The list below are some of the laws governing the employment and treatment of employees. Additional laws, policies and procedures are used within each industry to provide working agreements between employers and employees. This list below is taken from Wikipedia with the hyperlink displayed below.
- The Fair Labor Standards Act of 1938 set the maximum standard work week to 44 hours. In 1950 this was reduced to 40 hours. There are exceptions such as farm workers may work over 72 hours a week, followed by at least 24 hours off.
- Agreen card entitles immigrants to work, without requirement a separate work permit.
- Professionals, clerical (administrative assistants), technical, and mechanical employees cannot be terminated for refusing to work more than 72 hours in a work week.
- The Fifth and Fourteenth Amendments of theUnited States Constitution limit the power of the federal and state governments to The private sector is not directly constrained by the Constitution, but several laws, particularly the Civil Rights Act of 1964, limit the private sector discrimination against certain groups.
- TheFifth Amendment has an explicit requirement that the Federal Government not deprive individuals of “life, liberty, or property”, without due process of law and an implicit guarantee that each person receive equal protection of the law.
- TheFourteenth Amendment explicitly prohibits states from violating an individual’s rights of due process and equal protection. Equal protection limits the State and Federal governments’ power to discriminate in their employment practices by treating employees, former employees, or job applicants unequally because of membership in a group, like a race, religion or sex. Due process protection requires that employees have a fair procedural process before they are terminated if the termination is related to a “liberty”, like the right to free speech, or a property interest.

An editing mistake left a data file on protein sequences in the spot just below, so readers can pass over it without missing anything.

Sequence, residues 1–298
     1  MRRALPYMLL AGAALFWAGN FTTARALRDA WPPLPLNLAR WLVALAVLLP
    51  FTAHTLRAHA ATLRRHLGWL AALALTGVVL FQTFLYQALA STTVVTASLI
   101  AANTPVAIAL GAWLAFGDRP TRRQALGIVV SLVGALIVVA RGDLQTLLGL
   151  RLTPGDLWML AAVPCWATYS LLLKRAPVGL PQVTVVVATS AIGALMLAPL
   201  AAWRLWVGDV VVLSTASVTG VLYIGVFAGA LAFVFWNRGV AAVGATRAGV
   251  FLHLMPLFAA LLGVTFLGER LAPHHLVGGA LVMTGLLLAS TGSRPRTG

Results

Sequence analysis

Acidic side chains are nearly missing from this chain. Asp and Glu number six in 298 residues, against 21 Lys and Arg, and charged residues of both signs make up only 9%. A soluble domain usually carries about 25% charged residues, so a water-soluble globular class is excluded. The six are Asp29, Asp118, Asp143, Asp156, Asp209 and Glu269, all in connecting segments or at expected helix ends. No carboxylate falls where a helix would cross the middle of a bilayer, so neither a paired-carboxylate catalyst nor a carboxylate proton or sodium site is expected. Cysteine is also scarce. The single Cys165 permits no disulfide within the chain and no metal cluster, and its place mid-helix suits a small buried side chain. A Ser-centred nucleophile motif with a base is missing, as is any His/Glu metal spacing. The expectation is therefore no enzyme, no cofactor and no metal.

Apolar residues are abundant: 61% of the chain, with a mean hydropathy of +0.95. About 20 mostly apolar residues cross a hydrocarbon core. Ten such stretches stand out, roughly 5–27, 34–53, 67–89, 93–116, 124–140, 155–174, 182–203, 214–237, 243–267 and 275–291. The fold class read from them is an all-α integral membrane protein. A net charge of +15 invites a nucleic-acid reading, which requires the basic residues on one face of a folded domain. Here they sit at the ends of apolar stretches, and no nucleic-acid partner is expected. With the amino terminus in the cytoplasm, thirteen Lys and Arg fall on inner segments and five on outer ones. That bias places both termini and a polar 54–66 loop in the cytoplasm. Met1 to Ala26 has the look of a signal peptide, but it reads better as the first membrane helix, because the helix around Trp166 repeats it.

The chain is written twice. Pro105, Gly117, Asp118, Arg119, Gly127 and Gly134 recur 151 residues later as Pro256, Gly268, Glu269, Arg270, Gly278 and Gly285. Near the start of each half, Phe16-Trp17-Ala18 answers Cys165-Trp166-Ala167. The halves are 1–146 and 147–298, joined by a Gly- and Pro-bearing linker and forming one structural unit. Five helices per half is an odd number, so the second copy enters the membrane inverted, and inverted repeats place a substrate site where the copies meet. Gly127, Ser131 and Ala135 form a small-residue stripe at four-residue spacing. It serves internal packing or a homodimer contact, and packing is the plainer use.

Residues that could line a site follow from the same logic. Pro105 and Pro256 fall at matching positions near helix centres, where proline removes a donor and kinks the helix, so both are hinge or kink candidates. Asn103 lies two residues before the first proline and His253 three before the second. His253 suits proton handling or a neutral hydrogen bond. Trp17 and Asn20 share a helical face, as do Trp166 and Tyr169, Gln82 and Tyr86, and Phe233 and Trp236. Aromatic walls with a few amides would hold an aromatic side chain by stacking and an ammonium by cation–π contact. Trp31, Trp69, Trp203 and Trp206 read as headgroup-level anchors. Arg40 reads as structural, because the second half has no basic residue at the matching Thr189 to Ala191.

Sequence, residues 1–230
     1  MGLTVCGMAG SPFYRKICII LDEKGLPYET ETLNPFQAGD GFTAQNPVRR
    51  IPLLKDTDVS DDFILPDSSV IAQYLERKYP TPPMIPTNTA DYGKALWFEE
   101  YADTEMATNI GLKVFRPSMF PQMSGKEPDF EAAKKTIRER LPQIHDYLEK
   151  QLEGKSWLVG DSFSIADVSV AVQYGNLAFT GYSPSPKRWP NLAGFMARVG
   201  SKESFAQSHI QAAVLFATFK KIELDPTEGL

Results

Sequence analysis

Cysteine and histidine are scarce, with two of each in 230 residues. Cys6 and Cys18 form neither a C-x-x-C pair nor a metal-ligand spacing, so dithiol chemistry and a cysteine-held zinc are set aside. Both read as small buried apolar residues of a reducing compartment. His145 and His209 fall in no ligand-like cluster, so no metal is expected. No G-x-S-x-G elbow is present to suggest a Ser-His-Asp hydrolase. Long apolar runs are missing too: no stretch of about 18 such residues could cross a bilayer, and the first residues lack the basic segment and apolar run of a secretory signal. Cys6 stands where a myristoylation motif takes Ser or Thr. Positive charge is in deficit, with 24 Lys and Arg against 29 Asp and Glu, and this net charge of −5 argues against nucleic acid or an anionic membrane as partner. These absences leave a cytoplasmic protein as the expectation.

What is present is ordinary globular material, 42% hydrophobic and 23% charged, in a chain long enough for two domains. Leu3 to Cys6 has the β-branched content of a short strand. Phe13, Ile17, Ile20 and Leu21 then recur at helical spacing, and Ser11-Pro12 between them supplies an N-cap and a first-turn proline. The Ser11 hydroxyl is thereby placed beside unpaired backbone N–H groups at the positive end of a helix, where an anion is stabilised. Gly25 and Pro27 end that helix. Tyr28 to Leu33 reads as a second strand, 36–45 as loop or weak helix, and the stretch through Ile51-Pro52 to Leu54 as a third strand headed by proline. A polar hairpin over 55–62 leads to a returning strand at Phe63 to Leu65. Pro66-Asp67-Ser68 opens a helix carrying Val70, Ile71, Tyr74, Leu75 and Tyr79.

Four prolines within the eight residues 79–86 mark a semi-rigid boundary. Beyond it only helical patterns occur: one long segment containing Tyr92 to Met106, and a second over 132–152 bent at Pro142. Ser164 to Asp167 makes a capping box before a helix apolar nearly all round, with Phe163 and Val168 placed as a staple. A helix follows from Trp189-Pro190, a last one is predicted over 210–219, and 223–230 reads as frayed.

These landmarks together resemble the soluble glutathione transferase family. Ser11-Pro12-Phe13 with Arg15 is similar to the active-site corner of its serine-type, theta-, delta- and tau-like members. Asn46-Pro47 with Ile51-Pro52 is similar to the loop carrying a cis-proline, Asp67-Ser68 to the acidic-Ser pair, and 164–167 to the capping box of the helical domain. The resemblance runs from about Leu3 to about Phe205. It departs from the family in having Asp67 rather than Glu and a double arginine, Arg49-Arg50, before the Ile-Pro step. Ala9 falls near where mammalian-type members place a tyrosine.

- TheNational Labor Relations Act, enacted in 1935 as part of the New Deal legislation, guarantees workers the right to form unions and engage in collective bargaining.
- TheAge Discrimination in Employment Act of 1967 prohibits employment discrimination based on age with respect to employees 40 years of age or older.
- Title VII of the Civil Rights Act is the principal federal statute with regard toemployment discrimination, prohibiting unlawful employment discrimination by public and private employers, labor organizations, training programs and employment agencies based on race or color, religion, sex and national origin. Retaliation is also prohibited by Title VII against any person for opposing any practice forbidden by statute, or for making a charge, testifying, assisting, or participating in a proceeding under the statute. The Civil Rights Act of 1991 expanded the damages available to Title VII cases and granted Title VII plaintiffs the right to jury trial.